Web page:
19. Jul 19, 2019 #19

    Imbrium

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    I'm so sorry you and your daughter had such a tragic first experience with rabbits :(. Binky free, little lop!

    I didn't actually use that solution, I just kept them in their store-bought cage for like 3 more weeks after my little lionhead gave me a scare by getting her head stuck in a grid. I've definitely heard of people putting hardware cloth or chicken wire around the bottom to keep babies in when dealing with a litter, though. I've been using (and loving) NIC grid cages for seven years now and swear by them as one of the best indoor housing options (either with an attached run, free-roam time or being free-range and using the condo just as a home base)... but rabbits definitely need to be a certain size before they can safely use that style of cage :(. Rabbits grow significantly in size between 8 and 12 weeks old; I recommend 12 weeks as a minimum age for NIC grid cages.

    Rabbits are pretty fragile and high maintenance... totally worth it and not hard to care for them once you've done your research and had some practice, but at the same time not a great starter pet for kids so I think you're making the right decision to wait a few years. I got my first rabbit when I was 8 or 9 (mind you, I was quite mature and responsible for my age); by then a kid can understand proper handling (like always making sure the back feet are supported) and are more likely to handle something like a nip on the behind (yes, I've had a rabbit do this to me to say "enough brushing!" lol) or having a rabbit "dig" on them (which hurts a bit even though the rabbit means no harm by it) without getting upset or angry about it or resenting the rabbit for just being a rabbit.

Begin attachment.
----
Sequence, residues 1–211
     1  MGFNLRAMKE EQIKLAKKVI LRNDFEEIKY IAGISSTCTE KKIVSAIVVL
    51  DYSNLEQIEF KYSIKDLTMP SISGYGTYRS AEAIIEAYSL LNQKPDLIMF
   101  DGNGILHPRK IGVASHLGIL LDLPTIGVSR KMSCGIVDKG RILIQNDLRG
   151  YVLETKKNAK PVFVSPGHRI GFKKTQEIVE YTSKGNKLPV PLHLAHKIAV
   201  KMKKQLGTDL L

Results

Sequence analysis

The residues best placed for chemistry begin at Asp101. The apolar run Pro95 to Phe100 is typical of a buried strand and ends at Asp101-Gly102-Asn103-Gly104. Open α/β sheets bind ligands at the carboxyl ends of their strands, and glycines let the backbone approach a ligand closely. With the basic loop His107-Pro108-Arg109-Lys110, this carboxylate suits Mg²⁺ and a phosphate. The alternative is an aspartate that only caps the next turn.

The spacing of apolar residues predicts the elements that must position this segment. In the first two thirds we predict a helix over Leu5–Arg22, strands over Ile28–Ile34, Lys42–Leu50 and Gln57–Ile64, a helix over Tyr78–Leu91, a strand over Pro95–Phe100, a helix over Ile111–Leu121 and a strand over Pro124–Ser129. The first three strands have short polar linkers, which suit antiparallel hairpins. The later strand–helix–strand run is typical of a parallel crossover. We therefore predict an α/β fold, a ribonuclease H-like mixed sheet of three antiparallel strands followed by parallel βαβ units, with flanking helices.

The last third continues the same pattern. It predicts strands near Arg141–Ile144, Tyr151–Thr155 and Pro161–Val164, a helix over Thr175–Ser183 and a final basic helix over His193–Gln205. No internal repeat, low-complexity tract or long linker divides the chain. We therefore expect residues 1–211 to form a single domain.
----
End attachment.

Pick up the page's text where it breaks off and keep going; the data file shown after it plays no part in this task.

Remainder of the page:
Still keep an eye out for potential innocent mistakes even with an older kid, though! I don't think my parents ever found out about me sharing fudgesicles with my rabbit when they weren't in the room, lol. Thankfully, I guess the chocolate and dairy products are diluted enough and I shared small enough amounts that no harm ever came to the rabbit. Looking back on it, I'm a bit surprised that a kid as smart as I was - who knew not to feed chocolate to our dog, etc. - didn't once stop to wonder if it was ok for the rabbit to have that. I never would've given straight chocolate, but I shared that fudgesicle on a regular basis and the rabbit LOVED it (as they do so many sweet/carb-loaded things that are bad for them).

    Anyway, if you ever decide to get another rabbit, definitely go with a rescue/shelter rabbit - you'll save at least $200-300 on spay/neuter surgery, you don't have to deal with the "teenage" hormones or the way babies are extra fragile and you can go straight to a NIC cage (btw, there are way better deals out there - whitmor brand is usually the cheapest on Amazon; 6 cubes = 23 grids... I was shocked to see how much they marked up the price on your listing just because it was marketed for pets, even though it's the same product. Also, skip the connectors that come with it and use zip-ties, way more secure/stable). Whenever you're finally ready, we'll still be here to offer advice, answer questions and ooh/ahh over cute pics you post! ;)